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Mainstream a hostile environment

The ONS report found:

“A primary focus on academic attainment can undermine perceived inclusiveness. Some young participants attending mainstream schools reported feeling unwelcome because they achieved lower grades, and perceptions that the school's academic reputation was prioritised over needs-based support. Participants felt it should be recognised that achievement looks different for everyone.” 

Educational experiences of young people with special educational needs and disabilities in England: February to May 2022

But it can be done, as the ONS report also shows that some mainstream schools were described by parents and carers as having an open, accepting attitude towards SEND, with all staff members considering themselves to be part of SEND provision. Parents, carers and staff felt that open discussions around SEND encouraged an inclusive culture by raising awareness among all pupils and staff, and building understanding of individual differences and needs as part of the curriculum.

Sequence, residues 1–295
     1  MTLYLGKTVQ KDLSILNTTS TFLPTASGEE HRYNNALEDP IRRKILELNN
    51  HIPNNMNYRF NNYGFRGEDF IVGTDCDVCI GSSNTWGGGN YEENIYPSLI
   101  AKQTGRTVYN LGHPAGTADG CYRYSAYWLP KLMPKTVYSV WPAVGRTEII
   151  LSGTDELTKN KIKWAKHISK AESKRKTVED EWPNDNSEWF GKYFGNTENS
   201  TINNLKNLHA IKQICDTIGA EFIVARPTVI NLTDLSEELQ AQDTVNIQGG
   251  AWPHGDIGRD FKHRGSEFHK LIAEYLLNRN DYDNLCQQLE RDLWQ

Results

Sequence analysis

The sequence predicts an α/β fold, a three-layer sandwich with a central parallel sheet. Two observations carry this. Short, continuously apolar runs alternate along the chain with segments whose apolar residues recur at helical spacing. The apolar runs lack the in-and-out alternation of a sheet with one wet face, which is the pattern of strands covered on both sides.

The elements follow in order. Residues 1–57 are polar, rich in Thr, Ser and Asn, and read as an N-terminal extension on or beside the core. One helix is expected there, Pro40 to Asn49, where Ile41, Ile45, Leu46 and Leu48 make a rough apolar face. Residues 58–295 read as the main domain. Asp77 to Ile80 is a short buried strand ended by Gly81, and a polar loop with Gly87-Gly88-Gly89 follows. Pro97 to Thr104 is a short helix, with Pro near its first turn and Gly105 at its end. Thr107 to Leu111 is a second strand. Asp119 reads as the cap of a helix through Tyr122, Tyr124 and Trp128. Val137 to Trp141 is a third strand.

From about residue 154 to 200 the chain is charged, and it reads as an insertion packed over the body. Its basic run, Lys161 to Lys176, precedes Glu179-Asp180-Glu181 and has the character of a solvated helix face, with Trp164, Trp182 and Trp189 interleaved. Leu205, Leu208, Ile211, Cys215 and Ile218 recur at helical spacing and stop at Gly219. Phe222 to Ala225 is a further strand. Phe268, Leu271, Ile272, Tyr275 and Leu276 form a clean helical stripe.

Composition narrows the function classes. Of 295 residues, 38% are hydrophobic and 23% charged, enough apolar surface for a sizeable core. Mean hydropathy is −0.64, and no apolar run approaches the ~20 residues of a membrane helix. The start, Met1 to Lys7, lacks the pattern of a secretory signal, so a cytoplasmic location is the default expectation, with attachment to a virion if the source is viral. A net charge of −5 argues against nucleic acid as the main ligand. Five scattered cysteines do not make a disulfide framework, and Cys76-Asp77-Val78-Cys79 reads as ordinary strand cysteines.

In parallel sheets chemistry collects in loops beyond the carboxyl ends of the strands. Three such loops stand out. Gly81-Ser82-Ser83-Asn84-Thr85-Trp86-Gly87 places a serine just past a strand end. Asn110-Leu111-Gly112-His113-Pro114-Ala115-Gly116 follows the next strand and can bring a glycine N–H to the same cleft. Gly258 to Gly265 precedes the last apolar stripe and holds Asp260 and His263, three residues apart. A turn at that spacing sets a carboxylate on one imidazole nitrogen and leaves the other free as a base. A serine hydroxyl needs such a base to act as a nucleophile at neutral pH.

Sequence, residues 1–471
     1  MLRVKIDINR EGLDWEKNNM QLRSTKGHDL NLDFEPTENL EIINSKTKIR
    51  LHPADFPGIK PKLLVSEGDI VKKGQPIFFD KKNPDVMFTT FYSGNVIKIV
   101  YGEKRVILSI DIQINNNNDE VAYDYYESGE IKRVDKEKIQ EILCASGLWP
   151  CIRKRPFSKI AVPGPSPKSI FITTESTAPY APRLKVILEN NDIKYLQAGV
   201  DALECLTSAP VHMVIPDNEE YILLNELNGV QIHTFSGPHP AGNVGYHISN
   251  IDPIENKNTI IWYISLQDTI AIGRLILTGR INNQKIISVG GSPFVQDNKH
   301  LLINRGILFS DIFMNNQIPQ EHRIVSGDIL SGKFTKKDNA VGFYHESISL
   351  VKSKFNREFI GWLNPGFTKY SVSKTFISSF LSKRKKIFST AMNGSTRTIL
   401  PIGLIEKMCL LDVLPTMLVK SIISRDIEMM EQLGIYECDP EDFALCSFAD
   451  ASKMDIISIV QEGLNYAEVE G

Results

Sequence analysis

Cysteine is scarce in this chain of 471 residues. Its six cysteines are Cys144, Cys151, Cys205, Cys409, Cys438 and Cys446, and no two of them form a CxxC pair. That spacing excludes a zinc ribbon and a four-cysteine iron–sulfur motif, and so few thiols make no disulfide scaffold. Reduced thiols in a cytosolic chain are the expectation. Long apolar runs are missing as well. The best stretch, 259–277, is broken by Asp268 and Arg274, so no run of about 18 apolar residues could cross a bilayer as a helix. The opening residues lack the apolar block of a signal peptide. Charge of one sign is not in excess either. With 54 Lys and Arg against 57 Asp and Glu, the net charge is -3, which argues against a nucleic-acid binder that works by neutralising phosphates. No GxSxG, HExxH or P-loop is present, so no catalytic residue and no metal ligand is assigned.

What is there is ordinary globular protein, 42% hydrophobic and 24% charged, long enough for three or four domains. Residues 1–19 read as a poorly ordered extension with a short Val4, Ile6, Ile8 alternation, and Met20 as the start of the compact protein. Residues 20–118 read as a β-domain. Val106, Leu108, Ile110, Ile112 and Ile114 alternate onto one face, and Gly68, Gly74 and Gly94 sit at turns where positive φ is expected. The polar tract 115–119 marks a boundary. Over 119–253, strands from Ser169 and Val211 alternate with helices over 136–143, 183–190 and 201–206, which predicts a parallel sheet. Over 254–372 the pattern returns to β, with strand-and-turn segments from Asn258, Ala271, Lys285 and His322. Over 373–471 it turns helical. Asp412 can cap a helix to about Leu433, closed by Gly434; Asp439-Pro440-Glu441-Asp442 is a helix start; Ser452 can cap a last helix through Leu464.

“They have a good understanding and all of the staff are involved, if that makes sense. They are all teachers of SEND in a way. So, it's not 'the SEND department looks after children with autism and then I'm his class teacher', everybody is aware.”

Parent or carer of 11- to 13-year-old, SEN support, mainstream school (ONS)

I urge school staff to read the ONS report as it contains many important quotes from young people, parents and from school staff that I don’t have space for here. There is also a version for young people. Reading their thoughts is hugely enightening and this, I believe, should be included in training packages.

We must put an urgent focus on training because without that no amount of changes to the SEND system will work. Good SEND training, regularly updated, across schools, LAs, further education and higher education is where it starts to make a difference for everyone, most importantly for children and young people.